Nobody gets turned away by St Michael’s, though. “Why would we? Where would they go? . . . We’ve got not a lot, but it’s amazing what you can do with a cup of tea, a cup of hot chocolate, and a listening ear.”

IF IT came down to choosing between funding youth work and restoring his Victorian church building, Mr Medley would be tempted to opt for the former. For the past three years, MINE (Mission Initiative Newcastle East — set up under a Bishop’s Mission Order since 2010 — which brings together St Martin’s, St Silas, St Michael’s and St Anthony of Egypt), has employed Dave Johnson to coordinate this work. This year, enough money has been raised to run a DJ school

Like Mr Medley, Mr Johnson lives on the estate. He is candid about the challenges of the work: on one occasion, he had a rib broken, and he is aware that the older teenagers who come to the centre have been judged to be “unengagable by anyone”. Two days after the Church Times visit, he lamented on Twitter that a session with a bus, specially designed for youth work, had been “hijacked” by a small group “throwing stuff, trying to break the bus, harassing families”.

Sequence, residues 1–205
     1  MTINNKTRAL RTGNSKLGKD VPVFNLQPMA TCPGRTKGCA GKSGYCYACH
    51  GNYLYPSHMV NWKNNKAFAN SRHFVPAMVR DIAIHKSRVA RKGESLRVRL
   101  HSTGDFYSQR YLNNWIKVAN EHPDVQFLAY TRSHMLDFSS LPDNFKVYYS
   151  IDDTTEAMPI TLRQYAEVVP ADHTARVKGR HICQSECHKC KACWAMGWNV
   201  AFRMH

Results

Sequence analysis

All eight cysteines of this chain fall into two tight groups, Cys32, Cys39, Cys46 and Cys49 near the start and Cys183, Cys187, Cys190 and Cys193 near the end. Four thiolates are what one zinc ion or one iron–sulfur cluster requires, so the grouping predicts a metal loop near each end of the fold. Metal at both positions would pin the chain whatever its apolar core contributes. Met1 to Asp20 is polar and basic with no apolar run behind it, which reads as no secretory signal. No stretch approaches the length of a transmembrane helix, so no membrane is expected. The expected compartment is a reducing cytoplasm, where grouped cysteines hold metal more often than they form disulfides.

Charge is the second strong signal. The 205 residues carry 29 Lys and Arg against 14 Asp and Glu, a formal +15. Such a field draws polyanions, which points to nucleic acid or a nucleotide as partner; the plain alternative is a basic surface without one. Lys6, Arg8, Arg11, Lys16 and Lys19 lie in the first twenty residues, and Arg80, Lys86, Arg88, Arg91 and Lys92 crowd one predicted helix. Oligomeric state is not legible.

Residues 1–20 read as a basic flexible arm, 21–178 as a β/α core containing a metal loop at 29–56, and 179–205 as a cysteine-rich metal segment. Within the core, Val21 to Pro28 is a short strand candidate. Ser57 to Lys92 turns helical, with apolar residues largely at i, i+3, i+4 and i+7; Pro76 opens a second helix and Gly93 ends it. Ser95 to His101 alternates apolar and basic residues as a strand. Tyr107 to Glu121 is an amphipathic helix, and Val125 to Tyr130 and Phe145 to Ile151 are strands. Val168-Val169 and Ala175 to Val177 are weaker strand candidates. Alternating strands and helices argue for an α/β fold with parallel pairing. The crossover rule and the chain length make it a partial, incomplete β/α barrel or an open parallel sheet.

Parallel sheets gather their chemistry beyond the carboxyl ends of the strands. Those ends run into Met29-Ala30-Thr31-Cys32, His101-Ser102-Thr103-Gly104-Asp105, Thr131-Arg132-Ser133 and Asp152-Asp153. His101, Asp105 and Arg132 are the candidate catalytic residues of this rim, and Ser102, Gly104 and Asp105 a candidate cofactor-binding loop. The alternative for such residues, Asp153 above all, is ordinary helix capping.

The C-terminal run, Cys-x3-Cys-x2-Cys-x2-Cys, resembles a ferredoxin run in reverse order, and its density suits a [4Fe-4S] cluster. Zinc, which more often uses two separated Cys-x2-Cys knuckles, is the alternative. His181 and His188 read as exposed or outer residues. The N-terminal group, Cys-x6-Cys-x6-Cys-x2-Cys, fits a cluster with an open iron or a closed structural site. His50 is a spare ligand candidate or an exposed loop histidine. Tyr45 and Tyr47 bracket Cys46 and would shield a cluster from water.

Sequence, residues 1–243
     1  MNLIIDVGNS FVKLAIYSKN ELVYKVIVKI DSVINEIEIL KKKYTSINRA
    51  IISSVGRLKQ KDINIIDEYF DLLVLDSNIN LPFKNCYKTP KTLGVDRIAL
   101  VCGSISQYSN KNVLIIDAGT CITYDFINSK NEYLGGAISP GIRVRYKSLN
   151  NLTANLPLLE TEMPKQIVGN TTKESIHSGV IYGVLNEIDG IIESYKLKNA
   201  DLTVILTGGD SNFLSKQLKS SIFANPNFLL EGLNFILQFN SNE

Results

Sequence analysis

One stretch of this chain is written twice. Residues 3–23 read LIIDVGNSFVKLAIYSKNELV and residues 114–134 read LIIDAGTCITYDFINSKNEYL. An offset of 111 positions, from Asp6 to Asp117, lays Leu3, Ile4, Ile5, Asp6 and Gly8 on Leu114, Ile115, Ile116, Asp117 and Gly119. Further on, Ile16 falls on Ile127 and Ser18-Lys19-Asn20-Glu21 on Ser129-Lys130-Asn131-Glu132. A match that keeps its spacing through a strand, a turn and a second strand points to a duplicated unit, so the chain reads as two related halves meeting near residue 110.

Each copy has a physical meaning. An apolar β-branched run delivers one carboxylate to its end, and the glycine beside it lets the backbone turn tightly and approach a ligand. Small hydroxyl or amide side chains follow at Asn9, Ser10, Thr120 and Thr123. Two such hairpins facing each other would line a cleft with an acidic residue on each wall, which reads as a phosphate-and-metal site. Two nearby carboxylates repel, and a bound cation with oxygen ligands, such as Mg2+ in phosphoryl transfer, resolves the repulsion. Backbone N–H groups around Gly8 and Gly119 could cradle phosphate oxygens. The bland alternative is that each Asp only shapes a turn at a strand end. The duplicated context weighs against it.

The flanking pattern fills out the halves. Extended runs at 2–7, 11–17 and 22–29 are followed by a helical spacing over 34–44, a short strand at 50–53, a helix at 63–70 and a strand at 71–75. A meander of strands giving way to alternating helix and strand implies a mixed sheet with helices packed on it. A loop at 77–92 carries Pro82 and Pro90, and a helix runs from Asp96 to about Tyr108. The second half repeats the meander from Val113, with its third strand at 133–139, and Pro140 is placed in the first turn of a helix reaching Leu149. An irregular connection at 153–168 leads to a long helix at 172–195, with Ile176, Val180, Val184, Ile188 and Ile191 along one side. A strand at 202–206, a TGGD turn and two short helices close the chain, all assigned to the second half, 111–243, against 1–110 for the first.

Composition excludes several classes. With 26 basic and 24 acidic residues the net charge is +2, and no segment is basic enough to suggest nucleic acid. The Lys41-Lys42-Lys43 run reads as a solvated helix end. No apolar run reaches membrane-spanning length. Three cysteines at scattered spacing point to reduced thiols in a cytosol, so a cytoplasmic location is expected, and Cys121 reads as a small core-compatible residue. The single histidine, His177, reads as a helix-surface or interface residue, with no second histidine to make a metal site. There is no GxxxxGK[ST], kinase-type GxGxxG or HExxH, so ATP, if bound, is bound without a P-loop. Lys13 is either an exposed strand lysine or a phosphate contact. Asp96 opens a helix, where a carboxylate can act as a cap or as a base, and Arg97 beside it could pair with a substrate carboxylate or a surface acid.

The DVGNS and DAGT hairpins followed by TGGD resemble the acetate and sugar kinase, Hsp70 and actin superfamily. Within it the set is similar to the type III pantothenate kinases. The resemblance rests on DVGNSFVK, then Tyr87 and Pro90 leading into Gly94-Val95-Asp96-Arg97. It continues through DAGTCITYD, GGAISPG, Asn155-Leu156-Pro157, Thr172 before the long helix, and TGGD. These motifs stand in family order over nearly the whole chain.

NORTH NEWS AND PICTURESFrom left to right: Canon Stephen Herbert, Dave Johnson, Phillip James, and Phil Medley, at St Michael’s

But he and his wife, Jen, are in it for the long haul. “The really good thing is, we’re the church — we are here whether we get the outcomes on the funding bids or not, which is just really freeing. Even if my role disappears, and all the volunteers disappear, we’ll still be living here; so we’ll still see them out and about.”

Much of his time is spent out and about on the estate. The gospel has to be “big enough for the young people we are with”, he says.

“These kids have experienced so much evil in their day-to-day life, some of which they cause to each other, but some of which is done to them. The whole light-and-darkness thing is really important. . . They don’t know if, when they go out, the wrong group of kids are going to be there, or whether their parents will be in the right mood. One went away, and, when she came back, her house had been torched. . .